Connecting with Universal Meaning — Center for Action and Contemplation

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Connecting with Universal Meaning

Rebuilding on a Contemplative Foundation

Connecting with Universal Meaning
Sunday, July 9, 2017

Let nothing disturb you,
Let nothing frighten you,
All things are passing:
God never changes.
Patience obtains all things
Whoever has God lacks nothing;
God alone suffices.
—St. Teresa of Avila (1515-1582) [1]

Contemplation is a most radical form of self-surrender and kenosis (letting go). Yet surrender is only possible if there is a profound trust that there is Someone trustworthy to whom we can surrender. Paradoxically, self-forgetfulness leads to a firm and fearless sense of self-responsibility. There is a co-creation going on, a synergism between surrender and personal responsibility, God “co-operating with those who love God” (Romans 8:28). We are on a cosmic trust walk.

Contemplation is challenging and even unnatural in an overstimulated culture. It is next to impossible as long as we identify with our passing feelings and opinions. No new perception, no new engagement, no honest name for God will emerge in our cluttered existence apart from a contemplative stance which relativizes the shallow and egoic chatter in our minds.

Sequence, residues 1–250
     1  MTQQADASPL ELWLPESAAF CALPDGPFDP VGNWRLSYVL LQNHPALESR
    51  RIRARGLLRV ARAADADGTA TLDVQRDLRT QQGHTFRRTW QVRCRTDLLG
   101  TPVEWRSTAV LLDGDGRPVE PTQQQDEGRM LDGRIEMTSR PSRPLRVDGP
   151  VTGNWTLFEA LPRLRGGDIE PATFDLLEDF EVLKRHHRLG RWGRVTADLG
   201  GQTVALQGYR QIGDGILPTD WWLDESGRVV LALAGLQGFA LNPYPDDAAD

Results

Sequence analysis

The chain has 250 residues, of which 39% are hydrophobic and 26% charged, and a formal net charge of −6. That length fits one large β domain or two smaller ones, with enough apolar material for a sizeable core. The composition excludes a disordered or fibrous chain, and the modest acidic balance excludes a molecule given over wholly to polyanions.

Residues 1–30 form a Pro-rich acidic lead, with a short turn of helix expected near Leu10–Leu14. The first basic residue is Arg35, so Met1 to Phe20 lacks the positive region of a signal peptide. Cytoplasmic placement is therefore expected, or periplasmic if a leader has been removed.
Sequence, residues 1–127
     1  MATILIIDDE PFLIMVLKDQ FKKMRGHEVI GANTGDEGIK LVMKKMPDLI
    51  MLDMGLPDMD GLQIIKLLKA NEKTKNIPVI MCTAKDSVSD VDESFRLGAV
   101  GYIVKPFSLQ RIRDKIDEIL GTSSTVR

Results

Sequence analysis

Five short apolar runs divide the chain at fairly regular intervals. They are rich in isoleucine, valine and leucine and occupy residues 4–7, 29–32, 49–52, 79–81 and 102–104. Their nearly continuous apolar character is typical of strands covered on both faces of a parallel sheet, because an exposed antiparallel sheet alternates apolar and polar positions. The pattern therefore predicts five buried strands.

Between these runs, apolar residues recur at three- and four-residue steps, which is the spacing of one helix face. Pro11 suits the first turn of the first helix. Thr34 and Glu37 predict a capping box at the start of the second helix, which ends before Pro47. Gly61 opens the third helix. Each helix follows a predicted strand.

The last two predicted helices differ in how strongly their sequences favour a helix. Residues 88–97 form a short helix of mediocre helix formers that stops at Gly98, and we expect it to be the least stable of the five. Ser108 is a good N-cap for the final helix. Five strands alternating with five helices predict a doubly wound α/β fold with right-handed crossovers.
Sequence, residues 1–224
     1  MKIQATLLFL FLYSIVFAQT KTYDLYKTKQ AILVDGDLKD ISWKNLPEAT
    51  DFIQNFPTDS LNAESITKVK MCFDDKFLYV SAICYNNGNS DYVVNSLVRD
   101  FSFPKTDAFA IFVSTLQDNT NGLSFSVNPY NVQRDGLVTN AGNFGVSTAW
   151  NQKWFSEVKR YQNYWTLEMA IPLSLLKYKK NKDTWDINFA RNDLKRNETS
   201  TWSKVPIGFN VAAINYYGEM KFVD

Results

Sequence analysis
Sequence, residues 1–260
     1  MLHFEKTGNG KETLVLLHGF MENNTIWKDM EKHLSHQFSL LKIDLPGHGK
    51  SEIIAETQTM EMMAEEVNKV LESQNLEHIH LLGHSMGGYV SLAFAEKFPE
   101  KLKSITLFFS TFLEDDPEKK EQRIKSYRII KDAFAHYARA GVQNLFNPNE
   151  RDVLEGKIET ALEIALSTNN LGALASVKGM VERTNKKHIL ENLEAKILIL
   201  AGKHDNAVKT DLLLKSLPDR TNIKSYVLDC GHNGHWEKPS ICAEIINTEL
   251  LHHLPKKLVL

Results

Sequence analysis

I am convinced that many, if not most, modern neuroses are a direct result of the lack of a common, shared story under which our individual stories are written. As a result, our tiny lives lack a transcendent referent, a larger significance, a universal meaning. Our common life is a “dis-aster,” literally disconnected from the cosmic “stars.” We are lost in insignificance.

The Universal Christ, described by the Apostle Paul, is not a problem-solving Christ, not a denominational or cultural Christ, not a Christ domesticated by the churches, but the One who names in his life and person what matters, what lasts, and finally what is. He holds it all together in significance, reveals the redemptive pattern that we call the life and death of things, and holds the meaning and value of our lives outside of ourselves (see Colossians 1, Ephesians 1, John 1).

Because Christians no longer “worship” such a Christ, we are condemned to worship smaller gods and to build our lives around smaller stories, none of which are big enough or real enough to give universal order and meaning. We look to the private psyche, but it is just not connected enough to encompass human spiritual longing. Christianity’s efforts at evangelization will remain trapped in culture and fundamentalism until we ourselves are large enough to proclaim a cosmic notion of Christ.

Gateway to Silence:
Build on the positive; build on love.

[1] Teresa of Avila, Nada te turbe.” Soon after Teresa’s death, these lines were found written in her prayer book. See note in The Complete Works of St. Teresa of Avila, trans. and ed. E. Allison Peers, vol. 3 (New York: Burns and Oates, 2002), 288.

Adapted from Richard Rohr, Near Occasions of Grace (Orbis Books: 1993), 19-20.

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